I personal don’t own any Slipknot albums but every time they visit Ireland, I have to attend. They’re a fantastic spectacle and have savage tunes. When I was a teen, my friends gradually moved from Nirvana and Metallica to more nu-metal bands like Slipknot, Korn, and Deftones, whilst I moved backwards in time to Black Flag, The Clash and Talking Heads. This was influence given to me by my parents. My dad was a talented musician and mam worked in the arts in Dublin. They would get me albums from an early age and I would wear out those tapes on my Fisher Price tape player like there was no tomorrow. When we moved to Baldoyle, we didn’t have a TV for a long time so for evening entertainment it was dancing to REM, Rolling Stones, Talking Heads on record player. When we did get a TV we watched and taped loads of BBC music documentaries from the about music from the 60s-80s, we watched a lot of anarchic comedy and taped Spinal Tap to be rewatched a million times.
I’m not sure if I regret not getting into Slipknot at a young teenage angst age when it would have been ideal. I suppose just like my Dad not getting into Rammstein when the band were in their prime, now he is a fanatic and has even travelled to Spain to see them play. We’re both going to the gig up in Belfast on the 17th July. Should be great fun.
Here is a sample of Slipknot on the night in the 3Arena:
Now to the point, the concept of time and age. Ha! I’m not going through a mid life crisis but I did scare a lot of my friends by posting up a picture of myself with a double Mohawk and a dubious message on Instagram. I am going through personal mental health issues but the post was tapping into my dark humour and clown attitude to life. With the radically changing weather in Ireland this winter, my scalp got a bad case of psoriasis. I was advised to shave my head and moisturise it thoroughly until better. However, I took the opportunity to give myself a double Mohawk for the gig and surprise my mate Martin when attending.
He thought I was mad and too old for a hair cut like that, I felt fine with it, hence why I shaved it in the first place. The day after an awesome gig of moshing and going adrenaline mad, I started to think about age and generations. Then I thought about the animation industry and the ageless bubble it has containing folk in. I’m in my mid thirties and am a human child, that comprehends everything, but also makes a lot of decisions by my emotional gut feeling. This has been embedded in me since I can remember and I find a lot of animation folk are like that too. That’s why I love creating community and jobs and events for these creative folk. I think it originates from the cartoon content I’ve watched throughout the years as well as the content I’ve been associated with creating for years. I’ve never stopped watching cartoons or being a messer throughout my years. I’ve always felt that animations had more in-depth thought, satirical and truthful hidden messages to them than live action soaps, TV dramas and movies. Animation uses the ability to emphasis emotions and be a subtle as they want or as exaggerated as they want. It always heightened my experience of watching content.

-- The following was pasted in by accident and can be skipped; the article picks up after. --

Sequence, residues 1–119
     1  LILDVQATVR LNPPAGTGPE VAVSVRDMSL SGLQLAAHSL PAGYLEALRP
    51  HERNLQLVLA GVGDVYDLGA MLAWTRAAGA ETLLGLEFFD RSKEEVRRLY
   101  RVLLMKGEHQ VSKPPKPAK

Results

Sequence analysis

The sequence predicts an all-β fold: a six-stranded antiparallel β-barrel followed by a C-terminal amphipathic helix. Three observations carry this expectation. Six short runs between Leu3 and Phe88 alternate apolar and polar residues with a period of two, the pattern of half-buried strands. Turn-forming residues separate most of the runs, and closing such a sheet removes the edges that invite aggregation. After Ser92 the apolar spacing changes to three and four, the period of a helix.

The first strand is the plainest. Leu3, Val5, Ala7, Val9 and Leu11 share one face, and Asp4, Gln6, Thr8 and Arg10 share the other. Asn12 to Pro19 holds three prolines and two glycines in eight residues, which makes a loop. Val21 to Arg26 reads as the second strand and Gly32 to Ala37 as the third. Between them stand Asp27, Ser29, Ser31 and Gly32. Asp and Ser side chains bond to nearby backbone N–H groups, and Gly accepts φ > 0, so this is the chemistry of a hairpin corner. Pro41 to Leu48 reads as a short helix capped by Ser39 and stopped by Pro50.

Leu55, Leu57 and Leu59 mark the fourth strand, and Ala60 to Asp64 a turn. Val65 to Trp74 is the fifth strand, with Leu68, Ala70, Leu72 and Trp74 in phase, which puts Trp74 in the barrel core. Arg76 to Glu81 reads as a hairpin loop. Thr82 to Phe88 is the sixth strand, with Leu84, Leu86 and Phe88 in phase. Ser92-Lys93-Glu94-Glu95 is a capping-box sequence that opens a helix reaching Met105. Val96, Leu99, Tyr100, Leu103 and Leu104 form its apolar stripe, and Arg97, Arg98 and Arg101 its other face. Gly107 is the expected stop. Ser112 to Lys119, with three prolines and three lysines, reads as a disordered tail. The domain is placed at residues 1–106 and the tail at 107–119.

They main difference I’ve found as I have got older was where to draw the line between teens, 20’s and 30’s stereotypes. Teens should absolutely explore as much as possible and why not, they’re still learning and they need to know if they put their hands in fire they will be burnt. Same with pre-teens but fingers crossed they’re still innocent enough. Sadly I didn’t learn my lessons until my late 20’s early 30’s as although I got in plenty of trouble, it was down to creative disobedience and I was praised for this winning awards for putting my technical and optimistic attitude forward. It was only in my early 30’s I started to respect my boundaries because I started putting the knowledge that I had collected through my teens and 20’s into action. In retrospect, I had experienced so much in my early 20’s I could have started there but I was adventurous and blindly moving forward into adventure that I couldn’t stopped myself. I lost a lot, but I also gained a lot. When you have undefined principles you are lost and don’t know what you are doing. Luck is not a thing, but I did luck out by accident. The more I did community work in my 30’s the more I understood how much I gambled life’s opportunities and had lost and won in my 20’s. I could have listened to these lessons a lot quicker, but at the time I was too into the emotional gain/win that I was feeding off of as I went along that made me successful. If anyone in their late 20s has the discipline to stop and reflect on your sensibility as well and meditate on going forward, you have the ability to go so far.
A big lesson for me was to talk to your friends or family to reflect on your experiences so that you can learn from them. Be open with folk that you trust and let them give you fresh eyes on your situations.